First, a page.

France - Language

Forget your 'franglais'! French officials warned

The venerable Académie Française, a centuries-old institution regarded as the guardian of the French language,  has warned state officials against encouraging the spread of "franglais", saying it could have dire consequences for the future of the language.

Comedian Paul Taylor has a successful show using franglais.
Comedian Paul Taylor has a successful show using franglais. Facebook Paul Taylor

L'Académie francaise, established in 1635 to defend the purity of the French language, said in an official statement that Thursday that while it had never been hostile to the introduction and use of foreign terms, it was "deeply worried by the development of franglais".

The academy complained that a 1994 law (the Toubon law) that insists on the use of French in all government publications, commercial contracts and advertisements, was being "repeatedly violated" by an "invasion of Anglo-Saxon terms".

Franglais (from the French words for French and English, "francais" and "anglais") is the mixing of spoken French with English words, either for effect, humour or because the speaker believes an English word can express the idea better.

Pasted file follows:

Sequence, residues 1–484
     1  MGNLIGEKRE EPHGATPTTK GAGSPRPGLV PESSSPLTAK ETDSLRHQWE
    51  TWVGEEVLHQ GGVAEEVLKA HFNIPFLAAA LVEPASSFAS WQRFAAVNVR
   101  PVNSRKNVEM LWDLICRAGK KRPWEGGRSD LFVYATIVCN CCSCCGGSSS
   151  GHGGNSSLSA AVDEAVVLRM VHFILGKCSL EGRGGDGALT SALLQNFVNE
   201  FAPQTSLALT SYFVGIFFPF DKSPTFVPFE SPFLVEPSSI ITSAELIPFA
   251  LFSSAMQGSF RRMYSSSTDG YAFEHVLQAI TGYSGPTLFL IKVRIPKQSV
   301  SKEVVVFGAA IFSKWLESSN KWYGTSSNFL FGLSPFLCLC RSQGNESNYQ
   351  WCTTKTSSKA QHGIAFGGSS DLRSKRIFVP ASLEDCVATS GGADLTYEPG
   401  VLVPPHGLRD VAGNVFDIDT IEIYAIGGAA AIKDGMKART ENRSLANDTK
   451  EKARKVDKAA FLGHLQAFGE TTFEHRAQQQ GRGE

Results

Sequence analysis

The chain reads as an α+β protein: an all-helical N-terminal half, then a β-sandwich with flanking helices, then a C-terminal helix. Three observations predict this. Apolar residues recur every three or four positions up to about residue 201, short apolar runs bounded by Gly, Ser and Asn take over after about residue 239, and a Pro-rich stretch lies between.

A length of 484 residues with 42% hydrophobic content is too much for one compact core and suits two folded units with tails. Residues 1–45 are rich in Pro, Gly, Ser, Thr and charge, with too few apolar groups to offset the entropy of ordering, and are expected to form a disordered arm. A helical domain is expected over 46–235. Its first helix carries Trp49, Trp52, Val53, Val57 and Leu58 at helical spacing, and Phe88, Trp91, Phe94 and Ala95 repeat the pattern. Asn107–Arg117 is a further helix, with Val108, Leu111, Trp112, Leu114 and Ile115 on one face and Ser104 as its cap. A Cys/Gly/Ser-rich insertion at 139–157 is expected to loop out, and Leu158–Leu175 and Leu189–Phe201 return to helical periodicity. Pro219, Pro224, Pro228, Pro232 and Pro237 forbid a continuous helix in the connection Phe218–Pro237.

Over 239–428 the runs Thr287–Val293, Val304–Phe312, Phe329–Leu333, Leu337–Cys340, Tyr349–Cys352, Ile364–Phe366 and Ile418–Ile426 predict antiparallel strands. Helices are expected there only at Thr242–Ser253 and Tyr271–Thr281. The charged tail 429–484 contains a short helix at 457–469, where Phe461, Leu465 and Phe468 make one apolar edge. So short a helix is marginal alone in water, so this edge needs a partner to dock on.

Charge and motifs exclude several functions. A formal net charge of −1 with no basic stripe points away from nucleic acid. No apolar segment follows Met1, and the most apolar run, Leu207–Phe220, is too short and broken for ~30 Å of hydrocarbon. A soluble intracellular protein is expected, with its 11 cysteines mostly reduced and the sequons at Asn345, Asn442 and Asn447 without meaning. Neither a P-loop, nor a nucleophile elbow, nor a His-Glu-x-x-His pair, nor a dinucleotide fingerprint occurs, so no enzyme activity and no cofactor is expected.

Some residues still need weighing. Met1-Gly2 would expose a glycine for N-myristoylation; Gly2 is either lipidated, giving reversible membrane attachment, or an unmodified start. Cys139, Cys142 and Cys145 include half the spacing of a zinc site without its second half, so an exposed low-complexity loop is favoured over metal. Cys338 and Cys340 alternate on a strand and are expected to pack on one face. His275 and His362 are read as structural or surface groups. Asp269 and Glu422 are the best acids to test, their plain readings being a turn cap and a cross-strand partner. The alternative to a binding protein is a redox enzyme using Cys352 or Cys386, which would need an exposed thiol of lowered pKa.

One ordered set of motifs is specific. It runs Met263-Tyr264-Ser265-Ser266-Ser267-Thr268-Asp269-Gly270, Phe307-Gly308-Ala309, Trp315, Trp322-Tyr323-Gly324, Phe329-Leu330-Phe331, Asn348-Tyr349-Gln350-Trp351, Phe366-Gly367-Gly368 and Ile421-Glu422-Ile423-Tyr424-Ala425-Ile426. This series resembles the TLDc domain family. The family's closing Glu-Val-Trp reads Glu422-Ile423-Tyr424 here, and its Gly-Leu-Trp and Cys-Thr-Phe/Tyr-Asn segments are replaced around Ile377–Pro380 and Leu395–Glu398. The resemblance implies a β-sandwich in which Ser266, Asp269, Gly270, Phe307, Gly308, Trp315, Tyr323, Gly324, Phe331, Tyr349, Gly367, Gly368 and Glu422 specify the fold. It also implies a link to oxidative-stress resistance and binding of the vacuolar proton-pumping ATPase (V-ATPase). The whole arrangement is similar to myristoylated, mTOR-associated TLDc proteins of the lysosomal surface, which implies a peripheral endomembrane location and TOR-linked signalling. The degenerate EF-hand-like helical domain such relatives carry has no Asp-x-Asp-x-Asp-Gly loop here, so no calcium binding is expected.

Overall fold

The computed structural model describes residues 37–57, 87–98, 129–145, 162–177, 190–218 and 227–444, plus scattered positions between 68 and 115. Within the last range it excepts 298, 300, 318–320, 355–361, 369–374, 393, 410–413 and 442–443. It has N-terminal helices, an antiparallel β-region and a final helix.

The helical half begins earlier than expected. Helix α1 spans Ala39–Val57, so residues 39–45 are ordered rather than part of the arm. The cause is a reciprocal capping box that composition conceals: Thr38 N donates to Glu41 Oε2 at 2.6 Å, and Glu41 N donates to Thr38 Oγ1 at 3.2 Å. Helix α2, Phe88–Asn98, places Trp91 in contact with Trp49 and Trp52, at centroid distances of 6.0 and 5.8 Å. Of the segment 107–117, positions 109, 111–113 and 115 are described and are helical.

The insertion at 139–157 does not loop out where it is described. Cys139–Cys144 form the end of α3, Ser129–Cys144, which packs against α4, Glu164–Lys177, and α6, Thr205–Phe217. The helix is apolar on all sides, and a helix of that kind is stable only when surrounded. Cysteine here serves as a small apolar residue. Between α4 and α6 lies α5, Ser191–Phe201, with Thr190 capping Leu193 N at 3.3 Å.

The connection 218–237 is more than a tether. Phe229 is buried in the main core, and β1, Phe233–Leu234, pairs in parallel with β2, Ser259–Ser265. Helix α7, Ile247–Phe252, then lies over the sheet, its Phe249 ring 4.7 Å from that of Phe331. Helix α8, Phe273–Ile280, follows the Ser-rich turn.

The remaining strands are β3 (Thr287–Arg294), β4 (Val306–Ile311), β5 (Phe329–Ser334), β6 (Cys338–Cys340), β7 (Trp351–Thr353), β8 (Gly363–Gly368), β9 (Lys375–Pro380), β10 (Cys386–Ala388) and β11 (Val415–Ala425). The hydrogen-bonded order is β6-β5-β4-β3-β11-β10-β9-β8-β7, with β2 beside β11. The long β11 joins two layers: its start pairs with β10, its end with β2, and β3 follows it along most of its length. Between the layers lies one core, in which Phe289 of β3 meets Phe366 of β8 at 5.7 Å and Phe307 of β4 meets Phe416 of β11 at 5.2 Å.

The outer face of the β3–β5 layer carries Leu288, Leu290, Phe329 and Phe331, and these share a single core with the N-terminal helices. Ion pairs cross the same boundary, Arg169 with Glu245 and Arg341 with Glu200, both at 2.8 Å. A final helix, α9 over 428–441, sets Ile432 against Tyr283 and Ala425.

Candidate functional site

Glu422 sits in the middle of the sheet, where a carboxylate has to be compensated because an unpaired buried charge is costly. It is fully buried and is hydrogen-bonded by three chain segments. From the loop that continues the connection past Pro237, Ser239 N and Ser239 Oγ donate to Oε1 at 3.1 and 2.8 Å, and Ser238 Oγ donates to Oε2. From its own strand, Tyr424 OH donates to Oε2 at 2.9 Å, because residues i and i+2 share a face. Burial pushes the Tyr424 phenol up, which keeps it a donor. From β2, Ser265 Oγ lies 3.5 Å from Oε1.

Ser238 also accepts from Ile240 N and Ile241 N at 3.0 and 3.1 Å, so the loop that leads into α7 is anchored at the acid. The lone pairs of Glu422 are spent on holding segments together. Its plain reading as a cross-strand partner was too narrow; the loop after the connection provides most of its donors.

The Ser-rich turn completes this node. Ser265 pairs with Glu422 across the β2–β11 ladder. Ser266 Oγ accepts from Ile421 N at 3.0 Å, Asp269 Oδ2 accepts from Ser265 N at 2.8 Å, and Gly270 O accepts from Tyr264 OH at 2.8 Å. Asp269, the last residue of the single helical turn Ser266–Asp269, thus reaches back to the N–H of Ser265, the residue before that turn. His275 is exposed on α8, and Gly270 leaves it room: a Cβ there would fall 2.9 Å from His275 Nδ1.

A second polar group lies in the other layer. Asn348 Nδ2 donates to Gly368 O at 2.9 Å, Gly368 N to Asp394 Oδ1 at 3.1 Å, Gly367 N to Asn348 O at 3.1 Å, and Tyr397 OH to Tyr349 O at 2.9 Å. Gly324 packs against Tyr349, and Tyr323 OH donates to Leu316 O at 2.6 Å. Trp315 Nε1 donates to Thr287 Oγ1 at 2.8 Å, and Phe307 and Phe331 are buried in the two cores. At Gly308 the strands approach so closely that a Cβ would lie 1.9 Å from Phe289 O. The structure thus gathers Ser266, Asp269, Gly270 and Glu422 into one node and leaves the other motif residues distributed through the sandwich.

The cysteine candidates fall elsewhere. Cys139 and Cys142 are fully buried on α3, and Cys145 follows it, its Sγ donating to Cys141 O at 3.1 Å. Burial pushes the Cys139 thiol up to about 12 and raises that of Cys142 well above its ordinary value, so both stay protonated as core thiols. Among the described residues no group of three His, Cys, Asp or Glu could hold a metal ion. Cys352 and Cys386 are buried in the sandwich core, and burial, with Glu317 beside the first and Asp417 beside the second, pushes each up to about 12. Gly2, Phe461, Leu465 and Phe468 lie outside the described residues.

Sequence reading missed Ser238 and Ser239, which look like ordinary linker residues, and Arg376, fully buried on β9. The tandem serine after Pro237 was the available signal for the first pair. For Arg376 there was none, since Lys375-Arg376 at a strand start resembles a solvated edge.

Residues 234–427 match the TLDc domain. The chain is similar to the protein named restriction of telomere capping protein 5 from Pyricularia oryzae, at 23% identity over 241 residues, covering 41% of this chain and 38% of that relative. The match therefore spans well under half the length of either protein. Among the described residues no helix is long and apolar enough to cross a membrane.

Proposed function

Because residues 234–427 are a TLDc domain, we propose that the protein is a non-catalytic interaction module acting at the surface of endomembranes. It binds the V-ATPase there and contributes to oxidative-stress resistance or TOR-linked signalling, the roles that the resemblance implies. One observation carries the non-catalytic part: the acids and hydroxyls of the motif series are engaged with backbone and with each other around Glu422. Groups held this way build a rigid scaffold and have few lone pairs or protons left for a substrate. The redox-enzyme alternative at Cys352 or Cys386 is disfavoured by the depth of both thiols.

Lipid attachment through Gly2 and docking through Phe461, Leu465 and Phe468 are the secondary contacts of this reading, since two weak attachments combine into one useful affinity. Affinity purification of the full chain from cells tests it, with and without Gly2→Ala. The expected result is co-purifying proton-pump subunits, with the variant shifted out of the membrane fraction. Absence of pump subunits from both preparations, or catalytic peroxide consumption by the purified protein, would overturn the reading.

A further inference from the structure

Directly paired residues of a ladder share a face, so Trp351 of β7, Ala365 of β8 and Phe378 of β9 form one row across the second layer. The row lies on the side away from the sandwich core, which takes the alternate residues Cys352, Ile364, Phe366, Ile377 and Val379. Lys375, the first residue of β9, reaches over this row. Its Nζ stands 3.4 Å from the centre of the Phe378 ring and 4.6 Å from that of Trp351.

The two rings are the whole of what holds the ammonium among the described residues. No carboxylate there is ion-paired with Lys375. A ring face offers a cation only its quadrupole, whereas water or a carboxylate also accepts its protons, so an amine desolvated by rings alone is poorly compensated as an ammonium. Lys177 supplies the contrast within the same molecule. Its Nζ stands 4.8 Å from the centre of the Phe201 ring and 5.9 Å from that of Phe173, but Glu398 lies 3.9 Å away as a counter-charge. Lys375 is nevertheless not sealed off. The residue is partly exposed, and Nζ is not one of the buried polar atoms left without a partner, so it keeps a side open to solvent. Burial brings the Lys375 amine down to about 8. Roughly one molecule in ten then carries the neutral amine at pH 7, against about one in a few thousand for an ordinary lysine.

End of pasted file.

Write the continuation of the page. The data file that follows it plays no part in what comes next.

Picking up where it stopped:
Despite the Toubon law, words like "brainstorming", "afterwork" "background" can regularly be heard in French media and public life.

The academy called on "public institutions to respect the law themselves in the first place".

"If they do not react vigorously and if public opinion does not take into account the extent of the danger that we are facing, French will then cease to be the living and popular language that we love," it said.

The academy did not specify the target of its criticism.

Macron defends French language

In recent years, French people have taken to spicing up their conversations with English words, even on occasion saying "yes" instead of the French "oui".

French President Emmanuel Macron, unlike all his immediate predecessors, speaks English fluently and confidently gives entire speeches in the language.

Despite his ease, the President has been keen to present himself as a defender of the French tongue, generally using French in speeches at home and taking care not to slip into too much franglais.

In March last year, Macron unveiled plans to get more people speaking French, saying it was a truly global language and of particular importance in Africa.

The Collectif Langue Francaise which defends the French language has launched operation  "vendredi fou" (crazy Friday) on 29 November. Representatives from Belgium, Canada, France, Maghreb and Switzerland will protest the encroachment of French by English in Francophone countries.

(with AFP)

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